Etiquette for Storing Stuff at Your Parents’ House

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I get it; you’re a student. You don’t have the space to store your childhood accumulations in your dorm room or tiny apartment you share with five roommates. But there are general guidelines you should follow when using mom and dad’s rec room as your personal storage unit.

 

First, remember they’re from another generation.

Don’t leave them with anything they’d be embarrassed to have their guests find. Just take your 50 Shades of Grey trilogy and your Queer as Folk DVD set and save them a few awkward conversations.

Understand there is a statute of limitations on using their place as your hoarding headquarters.

As a general rule, be sure to get your stuff out within ten years. That gives you time to complete school, maybe get a master’s, find a place of your own, and settle in before reclaiming your belongings.   However, if you have something huge like a drum set, bikes, or any kind of furniture, be nice and get it out right after graduation. And prepare yourself now: you might need to put a few things on Craigslist if your new accommodations can’t house your monster hobbies.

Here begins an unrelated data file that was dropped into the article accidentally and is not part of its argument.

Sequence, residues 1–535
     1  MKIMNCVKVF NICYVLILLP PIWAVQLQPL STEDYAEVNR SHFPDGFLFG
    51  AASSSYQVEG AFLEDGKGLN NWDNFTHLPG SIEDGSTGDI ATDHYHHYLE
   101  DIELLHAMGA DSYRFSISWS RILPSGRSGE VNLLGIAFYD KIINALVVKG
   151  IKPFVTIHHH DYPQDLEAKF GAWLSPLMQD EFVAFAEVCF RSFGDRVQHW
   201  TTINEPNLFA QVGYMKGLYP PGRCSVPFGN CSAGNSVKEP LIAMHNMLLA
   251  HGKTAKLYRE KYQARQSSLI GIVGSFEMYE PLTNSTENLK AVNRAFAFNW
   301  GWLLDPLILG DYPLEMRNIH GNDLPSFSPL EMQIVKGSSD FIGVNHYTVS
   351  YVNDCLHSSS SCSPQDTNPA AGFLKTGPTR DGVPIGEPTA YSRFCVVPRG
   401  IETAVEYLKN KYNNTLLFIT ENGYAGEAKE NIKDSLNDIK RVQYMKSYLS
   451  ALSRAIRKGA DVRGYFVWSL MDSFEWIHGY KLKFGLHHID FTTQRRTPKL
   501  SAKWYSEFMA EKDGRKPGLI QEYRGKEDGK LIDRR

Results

If your parents are holding on to collectibles that you plan on selling, give them a cut of the profit.

It’s a classy thing to do and it’s an appropriate way to thank them for the time they spent as caretakers.

Keep in mind the size of their place and the amount of stuff they own in relation to whatever you’re sticking them with.

If you suspect your tower of boxes in their guest room is cramping their style, it probably is.

Don’t leave them with anything that requires maintenance.

You know Mom and Dad worry about you—they don’t want to stress you out at college, so they might not tell you when something becomes a burden. In general: don’t make them rotate the position of your comics within their boxes to avoid worn spots. Don’t make them oil and polish your samurai swords (wearing cotton gloves, of course). And don’t leave them with a needy beta fish or hermit crab to feed.

Getting ready for college is undoubtedly a stressful time, and the last thing you want to agonize about is what to do with all your stuff. Don’t worry, your parents want to help and will gladly hold on to whatever you deem important. But don’t forget, these people gave you life. Don’t push it.

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